Although everyone has been affected by COVID-19 and the pandemic that gave birth, not all populations have been affected equally. In the United States, for example, COVID-19 cases and death rates have been disproportionately high in Latino and indigenous peoples.
To understand how health determinants affect the perception of coronavirus, its spread and decision-making around COVID-19 testing and vaccination in vulnerable populations, a team of researchers at the University of California, Riverside, conducted a study in the Eastern Coachella Valley region of the interior of Southern California, home to Latin American and Native American farming communities.
Led by Ann Cheneyan associate professor in social medicine, population and public health in School of Medicinethe team reports in BMC Public Health that these immigrant populations are vulnerable to inequalities that increase their risk of COVID-19 exposure, morbidity, and mortality.
“Common themes that emerged across seven focus groups we implemented include misinformation, lack of trust in institutions, and insecurity around employment and residency,” Cheney said. “Our study clearly shows that the pandemic reinforced historically entrenched structural inequalities and social factors that shape health disparities among marginalized color communities. Minority groups have disproportionately high chronic medical conditions and poor access to health care.”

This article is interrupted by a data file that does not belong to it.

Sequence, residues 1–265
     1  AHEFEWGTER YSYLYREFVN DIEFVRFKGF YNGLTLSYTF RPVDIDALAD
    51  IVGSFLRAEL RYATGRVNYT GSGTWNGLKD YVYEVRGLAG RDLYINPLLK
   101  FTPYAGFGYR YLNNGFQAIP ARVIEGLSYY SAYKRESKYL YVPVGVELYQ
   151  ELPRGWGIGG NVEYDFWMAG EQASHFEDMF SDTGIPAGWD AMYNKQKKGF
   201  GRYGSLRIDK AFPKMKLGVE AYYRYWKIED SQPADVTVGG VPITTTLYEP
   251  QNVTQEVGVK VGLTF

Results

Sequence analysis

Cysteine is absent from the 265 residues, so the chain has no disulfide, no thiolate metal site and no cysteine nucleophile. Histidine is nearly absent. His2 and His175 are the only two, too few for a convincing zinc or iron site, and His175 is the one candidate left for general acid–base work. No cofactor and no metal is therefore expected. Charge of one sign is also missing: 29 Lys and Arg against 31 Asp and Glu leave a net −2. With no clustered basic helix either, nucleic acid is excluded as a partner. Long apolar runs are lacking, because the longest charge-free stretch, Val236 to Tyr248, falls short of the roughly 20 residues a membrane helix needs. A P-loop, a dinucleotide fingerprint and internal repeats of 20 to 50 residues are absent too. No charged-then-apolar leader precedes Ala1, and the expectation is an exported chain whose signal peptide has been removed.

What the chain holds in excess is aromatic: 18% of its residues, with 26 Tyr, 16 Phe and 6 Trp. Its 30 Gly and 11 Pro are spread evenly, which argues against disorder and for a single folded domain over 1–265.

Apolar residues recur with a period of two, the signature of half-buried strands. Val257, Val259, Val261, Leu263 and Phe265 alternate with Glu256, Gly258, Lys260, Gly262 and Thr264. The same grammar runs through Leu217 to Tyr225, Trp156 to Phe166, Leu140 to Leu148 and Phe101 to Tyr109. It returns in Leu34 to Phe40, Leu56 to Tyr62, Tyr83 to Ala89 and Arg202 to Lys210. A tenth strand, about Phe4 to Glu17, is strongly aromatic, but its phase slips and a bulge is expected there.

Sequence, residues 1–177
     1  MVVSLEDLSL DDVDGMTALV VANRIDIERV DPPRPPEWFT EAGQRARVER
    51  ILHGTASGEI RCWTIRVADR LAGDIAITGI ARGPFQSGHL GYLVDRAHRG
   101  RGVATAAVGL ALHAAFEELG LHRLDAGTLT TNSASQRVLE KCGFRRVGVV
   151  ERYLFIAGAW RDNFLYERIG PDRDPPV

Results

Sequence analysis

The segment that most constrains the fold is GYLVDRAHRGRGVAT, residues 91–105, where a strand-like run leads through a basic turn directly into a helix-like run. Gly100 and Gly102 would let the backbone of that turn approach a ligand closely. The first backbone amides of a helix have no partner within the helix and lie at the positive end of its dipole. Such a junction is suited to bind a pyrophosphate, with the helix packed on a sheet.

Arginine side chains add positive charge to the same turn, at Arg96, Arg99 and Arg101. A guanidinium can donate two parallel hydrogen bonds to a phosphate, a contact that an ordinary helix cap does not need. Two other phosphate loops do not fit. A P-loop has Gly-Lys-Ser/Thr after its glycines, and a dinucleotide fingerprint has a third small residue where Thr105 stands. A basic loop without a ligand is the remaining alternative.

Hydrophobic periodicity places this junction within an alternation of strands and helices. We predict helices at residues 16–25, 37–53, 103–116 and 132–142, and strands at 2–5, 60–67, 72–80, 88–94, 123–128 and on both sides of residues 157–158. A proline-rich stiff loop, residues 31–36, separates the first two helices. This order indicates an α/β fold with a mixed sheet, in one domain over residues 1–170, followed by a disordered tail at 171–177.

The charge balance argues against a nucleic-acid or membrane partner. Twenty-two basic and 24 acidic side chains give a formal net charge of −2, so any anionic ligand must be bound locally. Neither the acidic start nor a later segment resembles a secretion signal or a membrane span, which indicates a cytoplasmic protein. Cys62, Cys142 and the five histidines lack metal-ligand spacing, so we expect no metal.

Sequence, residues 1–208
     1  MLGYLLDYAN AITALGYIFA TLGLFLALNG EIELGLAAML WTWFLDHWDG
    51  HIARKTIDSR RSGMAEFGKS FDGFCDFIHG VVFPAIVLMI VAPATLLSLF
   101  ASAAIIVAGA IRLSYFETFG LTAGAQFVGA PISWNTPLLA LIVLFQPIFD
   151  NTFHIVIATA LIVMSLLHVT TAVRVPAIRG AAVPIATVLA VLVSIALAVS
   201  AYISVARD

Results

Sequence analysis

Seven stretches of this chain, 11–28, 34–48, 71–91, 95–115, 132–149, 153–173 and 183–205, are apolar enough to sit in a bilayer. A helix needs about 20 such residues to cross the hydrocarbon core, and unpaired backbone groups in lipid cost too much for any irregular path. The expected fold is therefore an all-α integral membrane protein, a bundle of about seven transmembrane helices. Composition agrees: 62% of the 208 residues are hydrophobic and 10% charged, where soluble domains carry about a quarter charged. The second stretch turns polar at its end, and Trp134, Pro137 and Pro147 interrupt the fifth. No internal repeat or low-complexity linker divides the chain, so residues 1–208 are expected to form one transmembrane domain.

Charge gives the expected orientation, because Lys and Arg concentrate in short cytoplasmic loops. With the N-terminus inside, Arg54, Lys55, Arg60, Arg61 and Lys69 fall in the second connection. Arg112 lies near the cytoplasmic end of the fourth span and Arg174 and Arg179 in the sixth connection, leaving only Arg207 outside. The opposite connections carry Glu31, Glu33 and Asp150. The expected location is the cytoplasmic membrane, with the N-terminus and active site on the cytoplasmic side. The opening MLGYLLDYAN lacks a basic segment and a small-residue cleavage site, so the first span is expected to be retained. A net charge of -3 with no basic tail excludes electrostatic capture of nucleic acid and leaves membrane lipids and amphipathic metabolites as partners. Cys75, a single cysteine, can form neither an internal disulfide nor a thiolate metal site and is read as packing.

Cheney and her colleagues conducted the study from August 2020 to January 2021 and used community-based participatory research. The team conducted six focus groups in Spanish and one focus group in Purépecha, a language spoken among Native Americans in the Mexican state of Michoacán. Fifty-five people participated, all of whom identified themselves as either Latin Americans / Latinos and / or Purepecha. More than a third of the participants identified themselves as farm workers.
“Most participants felt affected by coronavirus due to reduced working hours and income, inability to work or no work, childcare responsibilities and COVID-19 infection,” he said. Daniel Gehlbach, the first author of the research paper and a fourth-year medical student. “Themes of misinformation as well as insecurity and fear associated with concerns about employment and deportation came up in discussions across our focus groups. It was clear that exclusion, discrimination and violence shape attitudes in the Eastern Coachella Valley about coronavirus and its spread, affecting behavior. concerning COVID-19 testing and vaccination and ultimately increase the risk of COVID-19 exposure. “
The Coachella Valley, an area of racial-ethnic inequality identified as a hotspot when the pandemic began, includes nine towns and rural rural communities. Many Latino and Native Mexican immigrants in the region live below the poverty line and work in the nearby agricultural lands.